Yemen's exiled government says neighboring Oman is hosting talks between Yemeni Houthi rebels and the United States. The US State Department says "several" Americans are in rebel hands.
A spokesman for exiled Yemeni president Abed Rabbo Mansour Hadi told the news agency Reuters on Sunday that the unprecedented talks in Oman had been initiated at American request.
A private American plan had carried Houthi rebel representatives to Oman's capital Muscat, said Rajeh Badi, the spokesman for Hadi in Riyadh.
Saudi Arabia, a key US ally, has led a coalition of Middle East nations in air strikes on Iran-backed Houthi Shiite rebels since late March. But, Oman, a frequent peacebroker in the region, has avoided a role in the Saudi airstrikes.
Since seizing the capital Sanaa earlier this year, the rebels have advanced from northern strongholds into southern Yemen.
Americans held by rebels
Responding to a Washington Post report on Sunday that at least four Americans were being held by rebels, the US State Department said it was "doing everything" to get them released.
It did not provide an exact number or circumstances of those reportedly held.
The Washington Post said three of the captives held private sector jobs in Yemen. The fourth was a dual US-Yemeni citizen, it said.
Air raids continue
Saudi-led aircraft continued bombing of Houthi positions throughout Yemen on Sunday, according to Reuters.
Houthi al-Masira television said 25 air strikes had been directed on the main Houthi provinces of Saada and Hajja near the border with Saudi Arabia.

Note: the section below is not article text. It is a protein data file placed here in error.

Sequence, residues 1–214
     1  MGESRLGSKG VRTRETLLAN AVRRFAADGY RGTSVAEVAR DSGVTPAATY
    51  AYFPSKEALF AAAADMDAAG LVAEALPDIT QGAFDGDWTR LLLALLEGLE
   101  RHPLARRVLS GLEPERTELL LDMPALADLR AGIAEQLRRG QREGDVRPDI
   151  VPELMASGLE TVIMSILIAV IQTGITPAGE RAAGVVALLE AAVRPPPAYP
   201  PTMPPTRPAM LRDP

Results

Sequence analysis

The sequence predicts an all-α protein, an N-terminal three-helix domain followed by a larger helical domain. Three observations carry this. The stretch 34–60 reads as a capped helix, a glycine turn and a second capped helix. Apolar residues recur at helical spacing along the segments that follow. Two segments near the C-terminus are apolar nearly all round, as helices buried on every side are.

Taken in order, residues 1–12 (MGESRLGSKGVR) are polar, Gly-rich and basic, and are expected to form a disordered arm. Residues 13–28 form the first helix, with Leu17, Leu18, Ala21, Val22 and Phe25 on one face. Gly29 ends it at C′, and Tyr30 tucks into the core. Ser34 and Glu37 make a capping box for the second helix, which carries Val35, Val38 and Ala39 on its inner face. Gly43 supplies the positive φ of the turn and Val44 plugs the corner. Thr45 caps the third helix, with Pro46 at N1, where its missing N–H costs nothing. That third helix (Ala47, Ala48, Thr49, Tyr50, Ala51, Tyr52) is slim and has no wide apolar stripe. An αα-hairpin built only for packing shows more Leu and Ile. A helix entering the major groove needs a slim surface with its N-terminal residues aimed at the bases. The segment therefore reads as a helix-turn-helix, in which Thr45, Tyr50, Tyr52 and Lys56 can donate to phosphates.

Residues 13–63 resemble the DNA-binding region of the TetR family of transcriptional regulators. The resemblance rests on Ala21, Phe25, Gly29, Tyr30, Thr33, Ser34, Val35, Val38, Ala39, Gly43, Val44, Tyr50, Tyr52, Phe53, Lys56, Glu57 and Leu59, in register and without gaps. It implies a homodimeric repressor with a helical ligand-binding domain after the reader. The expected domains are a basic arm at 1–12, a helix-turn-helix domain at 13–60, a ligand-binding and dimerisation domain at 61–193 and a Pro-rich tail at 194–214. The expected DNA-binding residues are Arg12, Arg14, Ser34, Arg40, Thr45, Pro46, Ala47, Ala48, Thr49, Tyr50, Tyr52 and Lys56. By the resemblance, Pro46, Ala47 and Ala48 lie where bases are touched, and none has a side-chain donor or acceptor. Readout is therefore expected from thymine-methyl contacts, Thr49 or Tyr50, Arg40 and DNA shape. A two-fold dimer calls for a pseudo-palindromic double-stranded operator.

There was no immediate confirmation by Saudi authorities.
On Saturday Houthi television said the rebels had fired rockets at the Saudi border city of Najran. Saudi Arabia said one border guard was killed and seven others wounded.
From the central Yemeni city of Taiz, residents spoke of Arab air strikes on Houthi forces who have waged battles with Hadi loyalists.
UN bid for talks in Geneva
Reuters said the UN envoy to Yemen, Ismail Ould Cheikh Ahmed, had renewed efforts to set another date for talks in Geneva between the Yemeni factions after a bid failed a week ago.
As a precondition to those talks, Hadi had demanded that the rebels comply with a UN resolution by withdrawing Yemen's main cities and recognizing his authority.
The Houthis have said their expansion was part of an uprising against hardline Sunni militants and corrupt officials. They want an end to air raids before negotiating.
'Common vision,' say Egypt, Saudi Arabia
In Cairo on Sunday, Egyptian Foreign Minister Sameh Shoukri said Egypt and Saudi Arabia shared a "common vision" on "how to deal with the situation in Yemen."
Shoukri was speaking at a press conference with visiting Saudi counterpart Adel al-Jubeir.
al-Jubeir accused Iran of being the "only state that interferes in the affairs of the region."
Iran, which has sent several shipments described as humanitarian to Yemen, denies supporting the Houthis militarily.
Cluster bombs used, says HRW
Human Rights Watch (HRW) on Sunday said it suspected that widely banned cluster bombs dropped on Saada province had originated from Saudi-led forces.
Six Yemenis, including an 10-yaer-old boy were wounded, said HRW, adding that cluster bombs "can't distinguish military targets from civilians."
Another incident on May 23 did not cause casualties, it added.
Ipj/bw (Reuters, AFP, AP)